habitare, alere, gubernare, i.e. to inhabit, to nourish, to govern.

In the Saxon (or old English) it was called sometimes Tun, which we now call Town; derived of the Word Tynan, to enclose, or tyne, as some yet speak. But forasmuch as that Word was proper to every Village, and enclosed Dwelling; therefore out Ancestors called their walled Towns Bury or Borow; and we now, Bury and Borow, of the Greek Word ....., (as I think) which signifieth a Tower, or a high Building.

The Saxon Word Town, whence.

The Walls of these Towns had their Name of Vallum, because at the first they were but of that Earth which was cast out of the Trench, or Ditch, wherewith they were environed.

The Word Wall, whence.

But afterward, being made of Matter more fit for Defence, they were named Mænia, Walls, à muniendo, from a Latin Word that signifies fortifying. By the Etymology of these Names it may appear, that Commonweals, Cities, and Towns, were at first invented, to the End that Men might lead a civil Life amongst themselves, and be saved harmless against their Enemies. Whereupon Plato saith, Civitates ab initio utilitatis causa constitutæ sunt. Aristotle saith, Civitas à natura profecta est: Homo enim animal aptum est ad cœtus, & proinde civitatis origo ad vivendum, institutio ad bene vivendum refertur. And Cicero saith, Fuit quoddam tempus cùm in agris homines passim bestiarum more vagabantur, &c. quo quidem tempore, quidam (magnus, viz. vir & sapiens) dispersos homines in agris, & tectis sylvestribus abditos, ratione quadam compulit in unum locum, atq; eos in unamquamq; rem induxit utilem & honestam. Urbibus vero constitutis fidem colere, & justitiam retinere discebant, & aliis parere sua voluntate consuescebant, &c. The same Man discourseth notably to the same Effect, in his Oration Pro Sestio, a little after the Midst thereof: Shewing, that in the Life of Men dispersed, Vis. Force, beareth all the Sway: But in the Civil Life and Society, Jus, Right, is better maintained, &c. This Thing well saw King William the Conqueror, who, in his Laws, saith, Burgi & Civitates fundata & edificata sunt, ad tuitionem gentium & populorum Regni, & id circo observari debent cum omni libertate, integritate & ratione. And his Predecessors, King Ethelstane, and King Canutus, in their Laws, had commanded thus; Oppida instaurantur, &c. Let Towns be built, &c.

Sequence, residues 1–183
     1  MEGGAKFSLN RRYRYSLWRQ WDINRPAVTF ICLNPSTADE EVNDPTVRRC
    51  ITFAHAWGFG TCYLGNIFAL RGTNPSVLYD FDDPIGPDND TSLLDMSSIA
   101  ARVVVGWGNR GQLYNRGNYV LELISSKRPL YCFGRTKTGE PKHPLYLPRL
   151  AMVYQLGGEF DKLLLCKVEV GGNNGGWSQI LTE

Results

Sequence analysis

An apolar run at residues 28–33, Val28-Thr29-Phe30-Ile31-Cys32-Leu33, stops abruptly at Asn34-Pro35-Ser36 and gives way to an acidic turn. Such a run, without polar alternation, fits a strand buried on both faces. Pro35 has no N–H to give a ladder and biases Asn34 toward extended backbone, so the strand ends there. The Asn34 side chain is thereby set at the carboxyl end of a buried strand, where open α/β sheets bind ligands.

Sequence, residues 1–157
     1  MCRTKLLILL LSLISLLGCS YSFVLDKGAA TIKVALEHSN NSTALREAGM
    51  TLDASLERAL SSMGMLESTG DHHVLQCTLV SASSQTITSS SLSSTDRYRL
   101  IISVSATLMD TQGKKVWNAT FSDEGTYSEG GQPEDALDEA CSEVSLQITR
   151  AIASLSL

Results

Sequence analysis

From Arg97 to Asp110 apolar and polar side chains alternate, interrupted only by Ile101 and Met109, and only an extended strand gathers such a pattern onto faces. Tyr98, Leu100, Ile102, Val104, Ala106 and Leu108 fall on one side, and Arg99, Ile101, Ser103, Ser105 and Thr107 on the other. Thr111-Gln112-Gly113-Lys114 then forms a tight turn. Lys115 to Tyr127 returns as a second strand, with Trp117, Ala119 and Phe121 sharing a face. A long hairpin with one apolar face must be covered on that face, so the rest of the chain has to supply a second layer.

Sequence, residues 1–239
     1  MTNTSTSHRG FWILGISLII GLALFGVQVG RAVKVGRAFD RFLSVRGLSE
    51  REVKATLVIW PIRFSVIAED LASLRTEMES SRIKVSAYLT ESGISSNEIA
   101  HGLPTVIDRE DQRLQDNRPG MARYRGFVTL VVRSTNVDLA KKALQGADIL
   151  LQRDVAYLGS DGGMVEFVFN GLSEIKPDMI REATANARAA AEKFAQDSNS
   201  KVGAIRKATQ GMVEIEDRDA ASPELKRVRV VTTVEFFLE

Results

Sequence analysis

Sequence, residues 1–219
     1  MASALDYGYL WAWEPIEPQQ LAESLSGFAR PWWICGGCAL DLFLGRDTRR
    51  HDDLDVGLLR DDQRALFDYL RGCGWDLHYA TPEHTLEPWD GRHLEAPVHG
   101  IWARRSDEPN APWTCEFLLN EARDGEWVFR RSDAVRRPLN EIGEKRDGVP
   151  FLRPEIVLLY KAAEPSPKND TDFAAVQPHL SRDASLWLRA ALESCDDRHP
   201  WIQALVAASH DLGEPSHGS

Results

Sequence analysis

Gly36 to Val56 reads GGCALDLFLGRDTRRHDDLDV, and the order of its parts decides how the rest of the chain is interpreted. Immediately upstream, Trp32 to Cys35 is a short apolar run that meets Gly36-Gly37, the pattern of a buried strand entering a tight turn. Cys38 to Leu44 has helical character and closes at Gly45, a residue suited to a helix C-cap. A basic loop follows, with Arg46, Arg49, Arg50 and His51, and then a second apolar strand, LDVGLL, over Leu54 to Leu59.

1. Politic. 2.

De Invention. libr. I. in the Beginning.

Fol. 125.

Fol. 62, & 106.

Seeing therefore, that, as Cicero saith, Proxime & secundum Deos, homines hominibus maxime utiles esse possunt. And that Men are congreagated into Cities and Commonwealths, for Honesty and Utility's Sake. These shortly be the Commodities that do come by Cities, Communalties, and Corporations: First, Men, by this Nearness of Conversation, are withdrawn from barbarous Ferity and Force, to a certain Mildness of Manners, and to Humanity and Justice: Whereby they are contented to give and take Right, to and from their Equals and Inferiors; and to hear and obey their Heads and Superiors. Also, the Doctrine of God is more fitly delivered, and the Discipline thereof more aptly to be executed in peopled Towns than abroad, by Reason of the Facility of common and often assembling. And consequently, such Inhabitants be better managed in Order, and better instructed in Wisdom: Whereof it came to pass that at the first, they that excelled others this Way, were called Astuti, of the Greek Word azu, which signifieth a City, although the Term be now declined to the worst Part, and doth betoken evil; even as Tyrannus, Sophista, and some such other originally good Words ae fallen: And hereof also good Behaviour is yet called Urbanitas, because it is rather found in Cities then elsewhere. In some, by often hearing, Men be better persuaded in Religion. And for that they live in the Eye of others, they be, by Example, the more easily trained to Justice, and by Shamefastness restrained from Injury.